After setting 5 post I said “screw this, it is taking too long”, and called my uncle who has a tractor auger. I still have around 15 corner post to set. Doing everything by hand is taking too long and I have a lot to do before winter sets in.

Since I am using telephone poles for corner post, a regular 6 inch auger was going to be too small. It just so happened my uncle as a 12 inch auger bit.

Digging potatoes

Grandkids digging potatoes

Nothing brings mankind closer to the earth than digging potatoes. There is a certain joy in working the soil, planting seeds, watching the plants grow, taking care of the plants, then harvesting the fruits of your labor. This is especially true with potatoes.

Digging potatoes like opening a present, you do not know what it is until you open the box. The same is true with potatoes. You do not know what is in the ground until you start digging.

There are other options besides digging potatoes by hand.

Hauling Scrap Iron And Cutting Trees

Pulling trees with a Toyota T-100

Another weekend of cleaning up the homestead has come and gone. This weekend I focused on hauling scrap iron to the local recycler, picking up trash and cutting down some trees to make room for a pole barn.

For those of you following this blog, yall know some of my family members, and their friends, used a piece of the homestead as a landfill. They did not have permission to dump trash in a washed out area, they just did it. Most of the stuff is glass, metal and plastic.

My brother has a tractor with a grapple on the front it, which is what we used to pull a lot of trash out of the hole. Now that the trash is in a pile on flat ground, it’s time to sort through it and dispose of the trash properly.

When we first started cleaning out the hole we started loading various pieces of scrap on the trailer. This weekend right off the bat the first load was ready to go. The scrap metal on the trailer was a mixture of wire, box fan, washing machine,,, and a few other things.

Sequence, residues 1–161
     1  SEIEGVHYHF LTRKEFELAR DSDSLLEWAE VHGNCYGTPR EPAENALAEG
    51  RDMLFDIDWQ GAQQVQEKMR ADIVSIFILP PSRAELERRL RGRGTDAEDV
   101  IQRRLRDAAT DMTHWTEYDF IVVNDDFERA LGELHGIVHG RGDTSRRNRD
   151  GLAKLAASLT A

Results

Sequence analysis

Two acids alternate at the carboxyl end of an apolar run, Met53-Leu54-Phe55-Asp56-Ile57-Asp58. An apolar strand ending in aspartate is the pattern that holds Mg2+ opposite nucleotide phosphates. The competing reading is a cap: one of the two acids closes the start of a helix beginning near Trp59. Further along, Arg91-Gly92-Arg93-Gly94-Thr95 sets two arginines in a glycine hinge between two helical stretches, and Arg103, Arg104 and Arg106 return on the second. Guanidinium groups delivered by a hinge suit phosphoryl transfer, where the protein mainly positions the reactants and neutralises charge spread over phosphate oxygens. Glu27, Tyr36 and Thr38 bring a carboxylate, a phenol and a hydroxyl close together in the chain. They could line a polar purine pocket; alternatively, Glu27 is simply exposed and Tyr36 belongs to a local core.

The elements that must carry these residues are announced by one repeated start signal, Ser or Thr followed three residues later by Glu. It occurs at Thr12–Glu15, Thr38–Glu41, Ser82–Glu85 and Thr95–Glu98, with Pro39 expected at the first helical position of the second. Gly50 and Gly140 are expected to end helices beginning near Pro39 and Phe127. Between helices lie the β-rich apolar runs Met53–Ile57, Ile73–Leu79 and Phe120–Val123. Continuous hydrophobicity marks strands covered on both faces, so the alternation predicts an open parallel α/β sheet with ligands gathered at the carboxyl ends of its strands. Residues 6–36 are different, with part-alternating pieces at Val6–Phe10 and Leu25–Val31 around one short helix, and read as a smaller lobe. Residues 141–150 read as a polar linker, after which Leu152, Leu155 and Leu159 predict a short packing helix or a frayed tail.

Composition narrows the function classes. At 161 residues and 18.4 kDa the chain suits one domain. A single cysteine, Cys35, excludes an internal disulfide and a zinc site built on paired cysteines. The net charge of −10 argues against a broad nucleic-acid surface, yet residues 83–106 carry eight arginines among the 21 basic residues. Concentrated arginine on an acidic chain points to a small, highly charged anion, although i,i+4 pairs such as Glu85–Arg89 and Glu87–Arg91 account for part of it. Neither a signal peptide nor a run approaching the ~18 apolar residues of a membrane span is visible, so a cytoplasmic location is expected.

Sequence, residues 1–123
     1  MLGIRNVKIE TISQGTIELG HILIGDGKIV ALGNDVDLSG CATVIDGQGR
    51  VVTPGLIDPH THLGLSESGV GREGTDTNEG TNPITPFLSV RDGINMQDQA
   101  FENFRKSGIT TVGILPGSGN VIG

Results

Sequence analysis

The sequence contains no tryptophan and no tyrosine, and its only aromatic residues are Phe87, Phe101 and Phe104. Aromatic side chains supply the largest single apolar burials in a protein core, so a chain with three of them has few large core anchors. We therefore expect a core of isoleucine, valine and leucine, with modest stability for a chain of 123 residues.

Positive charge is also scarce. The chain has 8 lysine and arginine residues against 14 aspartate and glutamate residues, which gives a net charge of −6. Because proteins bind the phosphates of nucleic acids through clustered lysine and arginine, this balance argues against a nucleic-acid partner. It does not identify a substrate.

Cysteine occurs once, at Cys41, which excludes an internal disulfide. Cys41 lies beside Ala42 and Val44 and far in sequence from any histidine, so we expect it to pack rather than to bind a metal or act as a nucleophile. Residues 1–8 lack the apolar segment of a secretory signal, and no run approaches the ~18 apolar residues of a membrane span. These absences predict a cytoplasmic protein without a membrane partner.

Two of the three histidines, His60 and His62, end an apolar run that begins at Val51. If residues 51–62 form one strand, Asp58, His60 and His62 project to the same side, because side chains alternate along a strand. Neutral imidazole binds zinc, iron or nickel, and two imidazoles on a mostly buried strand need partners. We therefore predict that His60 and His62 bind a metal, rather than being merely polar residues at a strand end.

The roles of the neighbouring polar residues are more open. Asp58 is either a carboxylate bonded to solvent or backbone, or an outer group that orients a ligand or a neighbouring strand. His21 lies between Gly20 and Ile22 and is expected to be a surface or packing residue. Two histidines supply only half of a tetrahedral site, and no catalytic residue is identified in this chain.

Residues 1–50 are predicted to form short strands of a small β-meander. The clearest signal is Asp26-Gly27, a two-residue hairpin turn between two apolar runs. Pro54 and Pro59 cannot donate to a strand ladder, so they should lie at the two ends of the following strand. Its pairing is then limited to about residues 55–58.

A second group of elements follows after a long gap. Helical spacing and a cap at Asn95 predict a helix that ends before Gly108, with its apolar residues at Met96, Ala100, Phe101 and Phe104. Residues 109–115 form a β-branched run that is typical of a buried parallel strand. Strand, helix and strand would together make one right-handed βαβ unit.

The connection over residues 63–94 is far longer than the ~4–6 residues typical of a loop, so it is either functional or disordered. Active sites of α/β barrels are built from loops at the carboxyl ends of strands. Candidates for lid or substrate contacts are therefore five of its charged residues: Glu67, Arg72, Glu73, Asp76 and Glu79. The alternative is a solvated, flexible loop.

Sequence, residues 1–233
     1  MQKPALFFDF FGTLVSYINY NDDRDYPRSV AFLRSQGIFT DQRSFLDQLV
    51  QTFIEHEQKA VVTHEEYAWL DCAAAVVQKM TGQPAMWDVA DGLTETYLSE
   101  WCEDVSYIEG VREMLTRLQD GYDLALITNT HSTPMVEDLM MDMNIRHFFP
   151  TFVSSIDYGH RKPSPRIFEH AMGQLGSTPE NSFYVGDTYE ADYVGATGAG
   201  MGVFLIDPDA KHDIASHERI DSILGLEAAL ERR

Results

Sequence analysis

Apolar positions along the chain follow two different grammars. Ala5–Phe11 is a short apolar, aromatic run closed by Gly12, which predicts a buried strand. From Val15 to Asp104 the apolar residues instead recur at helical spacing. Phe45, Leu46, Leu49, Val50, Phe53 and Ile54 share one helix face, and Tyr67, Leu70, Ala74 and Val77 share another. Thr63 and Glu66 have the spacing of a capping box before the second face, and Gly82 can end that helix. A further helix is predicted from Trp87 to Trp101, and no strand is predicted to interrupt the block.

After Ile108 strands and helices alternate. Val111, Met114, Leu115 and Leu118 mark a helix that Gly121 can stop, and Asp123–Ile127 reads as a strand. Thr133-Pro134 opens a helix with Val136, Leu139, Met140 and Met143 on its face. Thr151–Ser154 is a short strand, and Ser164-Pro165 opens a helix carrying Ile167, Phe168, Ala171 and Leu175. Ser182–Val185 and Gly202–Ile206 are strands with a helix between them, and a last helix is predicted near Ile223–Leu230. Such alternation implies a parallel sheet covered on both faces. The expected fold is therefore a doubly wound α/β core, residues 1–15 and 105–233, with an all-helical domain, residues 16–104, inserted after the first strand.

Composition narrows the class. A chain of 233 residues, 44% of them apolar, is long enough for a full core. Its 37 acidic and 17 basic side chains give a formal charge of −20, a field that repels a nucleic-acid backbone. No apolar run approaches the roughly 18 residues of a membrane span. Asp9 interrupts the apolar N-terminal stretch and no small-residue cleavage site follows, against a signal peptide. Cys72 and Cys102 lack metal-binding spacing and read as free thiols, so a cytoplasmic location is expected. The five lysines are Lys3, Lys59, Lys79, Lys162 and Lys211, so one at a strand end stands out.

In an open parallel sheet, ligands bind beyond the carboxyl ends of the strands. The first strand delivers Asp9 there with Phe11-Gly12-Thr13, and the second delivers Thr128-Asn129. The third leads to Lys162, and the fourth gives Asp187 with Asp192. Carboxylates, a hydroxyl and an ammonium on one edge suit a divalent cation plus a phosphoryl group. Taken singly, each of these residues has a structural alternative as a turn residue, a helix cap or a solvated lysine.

Another Work Day at the Farm

Cutting pine tree stump

During the last trip to the homestead we focused on thinning trees. The largest and healthiest trees were flagged so they would not be cut, the smaller trees and underlying brush were thinned out.

On February 1st and 2nd we focused on cutting tree stumps down to ground level so the heavy equipment can get in there next weekend. This part of the land has been used was an makeshift family trash dump back in the early 1980s. Most of the stuff dumped in this location is scarp metal, tin, hot water heater, cans,,, stuff like that.

Now for the rest of the story.

February 1 2013

Started off like any other day. My wife and I got up around 6:30am, got our shower, got dressed and headed out the door. On this Friday I had the day off work. so instead of going to work, I headed to the homestead for another kind of work.

On the way out my wife, my daughter and I stopped by the Shell station at the corner of Hwy 63 and FM 777 in Jasper, Texas. We were thinking about going by the donut shop, but decided to stop by the shell station. The store sells breakfast sandwiches and breakfast biscuits that are freshly made. I got a breakfast sandwich with sausage, egg, cheese. To wash breakfast down I got a low-carb monster energy drink.